When Walter Abrams was a year old, he and his brother moved from Hiahleah, Florida to Bogotá, Colombia with his grandparents. It was here that Walter began to respect food on a visceral level. In Colombia, food and cooking were continually integrated into the rhythms of life and from an early age, he felt a connection to food and the customs that surrounded it. When Walter was 10 years old, he and his brother moved back to Florida with their mother, this time to the West Palm Beach area. He continued to find solace in cooking. After school, while his mother was working, he would often create a meal for him and his brother. When Walter was 14 years old he began working at the BBQ seafood eatery Dune Dog Drive-In in Jupiter, Florida. A year later, he joined the culinary team at PGA National Resort & Spa, a mammoth operation with multiple restaurants, a banquet department, pastry shop and butcher store. This classic kitchen brigade gave Walter a well-rounded culinary foundation as well as the impetus to enroll in culinary school. From 1998 to 2000, he attended the Florida Culinary Institute. And a few years later, he received the Alumni of the Year Award. Upon graduating, Walter joined celebrated Florida chef Mark Militello to open the eponymous Mark’s, an opulent Caribbean fusion restaurant. As chef de partie of a high volume restaurant, Walter learned how to work efficiently and swiftly. And as an ever-evolving student of his craft, he taught himself about Japanese cooking before learning how to make sushi from colleague and sushi chef Roy Villacrusis. For the next three years, he worked both the line and the sushi bar. Looking for his next challenge, in 2003, Walter was hired as the opening junior sous chef under Zach Bell at Café Boulud at the Brazilian Court Hotel in Palm Beach. Prior to opening, he spent one month in New York, working at Daniel, Café Boulud, and DB Bistro to familiarize himself with the team and their style. Working for Daniel Boulud delivered on its promise of being an influential and illuminating experience. But soon, the West Coast beckoned in the form of one of the country’s most respected culinary establishments: The French Laundry. He mailed in his resume and the following day received a call with an offer for a chef de partie position at the Yountville restaurant. Without hesitation, Walter accepted and drove his belongings cross-country. He began at the fish station, ultimately making his way around the kitchen for the next three years until becoming sous chef, a role he held for another four and a half years. As sous, he worked alongside Thomas Keller and then Corey Lee. Looking beyond the countryside and eager to immerse himself in an urban tempo, in 2011, Walter became the chef de cuisine at the Michelin starred Spruce restaurant in San Francisco. Here, Walter and the team dedicated themselves to elevating the restaurant to the next level by further refining the cooking and service styles. To this day, Walter maintains close ties with Bacchus Management Group. Their farm – Smip Ranch – will grow produce specifically for Dabba. After a year at Spruce, Walter moved to Philadelphia to help revamp the iconic Le Bec Fin. A year later, Walter and his wife found themselves back in Napa where he began restaurant consulting. At this time, he also launched Apicius Nutrition, a company that makes raw, wholesome energy bars – what he calls, “a feel good project.” It was at this time that he connected with Dabba CEO, Andy Mercy. Dabba draws inspiration from the Mexican-Indian restaurant Avatar’s, which has been a Marin County favorite for the past 30 years. Once joining the Dabba team, Walter spent eight months codifying Avatar’s beloved recipes, elevating them with his own culinary point of view, and streamlining them for scalability. Walter was struck by how Avatar’s’ owners, Ashok Kumar and Kala Ubhi, gave the utmost respect to each ingredient and turned cooking into a meditative practice. This earnest soulfulness further ignited his passion for the project. With a pedigree in fine dining, Walter looks forward to applying his training and knowledge to the fast casual sector and creating community through flavorful, nourishing food.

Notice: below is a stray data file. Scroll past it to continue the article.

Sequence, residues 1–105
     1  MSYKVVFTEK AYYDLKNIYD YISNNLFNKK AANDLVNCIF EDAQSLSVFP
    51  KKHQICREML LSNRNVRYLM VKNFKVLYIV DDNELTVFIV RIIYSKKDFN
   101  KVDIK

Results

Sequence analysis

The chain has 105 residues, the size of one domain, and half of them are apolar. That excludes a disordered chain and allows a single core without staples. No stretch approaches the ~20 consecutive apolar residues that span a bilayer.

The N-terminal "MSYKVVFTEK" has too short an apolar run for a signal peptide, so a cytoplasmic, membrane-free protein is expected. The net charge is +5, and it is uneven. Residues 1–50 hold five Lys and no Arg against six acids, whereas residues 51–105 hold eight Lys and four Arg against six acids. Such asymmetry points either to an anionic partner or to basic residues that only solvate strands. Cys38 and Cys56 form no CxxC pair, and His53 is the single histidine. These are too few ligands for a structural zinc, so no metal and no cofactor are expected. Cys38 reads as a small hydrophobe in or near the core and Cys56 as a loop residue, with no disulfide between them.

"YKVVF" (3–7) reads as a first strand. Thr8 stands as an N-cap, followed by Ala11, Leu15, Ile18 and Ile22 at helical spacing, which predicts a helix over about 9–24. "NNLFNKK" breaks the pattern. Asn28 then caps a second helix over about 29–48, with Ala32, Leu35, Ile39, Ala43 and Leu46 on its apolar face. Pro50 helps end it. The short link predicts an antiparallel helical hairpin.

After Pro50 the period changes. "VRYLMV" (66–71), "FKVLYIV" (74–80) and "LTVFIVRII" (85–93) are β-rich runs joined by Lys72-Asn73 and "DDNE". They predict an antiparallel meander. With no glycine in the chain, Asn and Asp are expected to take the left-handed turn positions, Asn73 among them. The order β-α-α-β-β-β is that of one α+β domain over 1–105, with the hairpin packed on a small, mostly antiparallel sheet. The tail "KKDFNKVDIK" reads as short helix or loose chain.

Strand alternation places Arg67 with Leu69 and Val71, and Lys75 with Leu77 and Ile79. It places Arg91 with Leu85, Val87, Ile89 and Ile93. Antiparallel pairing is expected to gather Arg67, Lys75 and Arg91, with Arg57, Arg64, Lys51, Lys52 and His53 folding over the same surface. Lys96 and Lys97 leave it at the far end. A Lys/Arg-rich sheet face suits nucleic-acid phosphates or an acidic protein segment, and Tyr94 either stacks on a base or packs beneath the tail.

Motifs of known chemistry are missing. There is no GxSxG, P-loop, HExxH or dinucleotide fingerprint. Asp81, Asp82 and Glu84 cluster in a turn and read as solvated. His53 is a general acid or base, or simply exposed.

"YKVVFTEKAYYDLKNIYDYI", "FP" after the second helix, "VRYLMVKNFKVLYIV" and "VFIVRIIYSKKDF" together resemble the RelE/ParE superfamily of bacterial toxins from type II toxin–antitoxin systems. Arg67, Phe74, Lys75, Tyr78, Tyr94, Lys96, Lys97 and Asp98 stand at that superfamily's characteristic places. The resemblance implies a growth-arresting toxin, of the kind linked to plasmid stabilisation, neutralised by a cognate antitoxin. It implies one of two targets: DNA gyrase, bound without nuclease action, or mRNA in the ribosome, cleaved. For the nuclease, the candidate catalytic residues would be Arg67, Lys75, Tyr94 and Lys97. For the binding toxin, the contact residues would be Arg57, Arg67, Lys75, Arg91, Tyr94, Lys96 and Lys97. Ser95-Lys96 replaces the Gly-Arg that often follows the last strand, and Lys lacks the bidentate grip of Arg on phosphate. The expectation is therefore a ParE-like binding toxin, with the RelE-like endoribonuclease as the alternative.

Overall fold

- Paige Keiner
- Laurel Porcari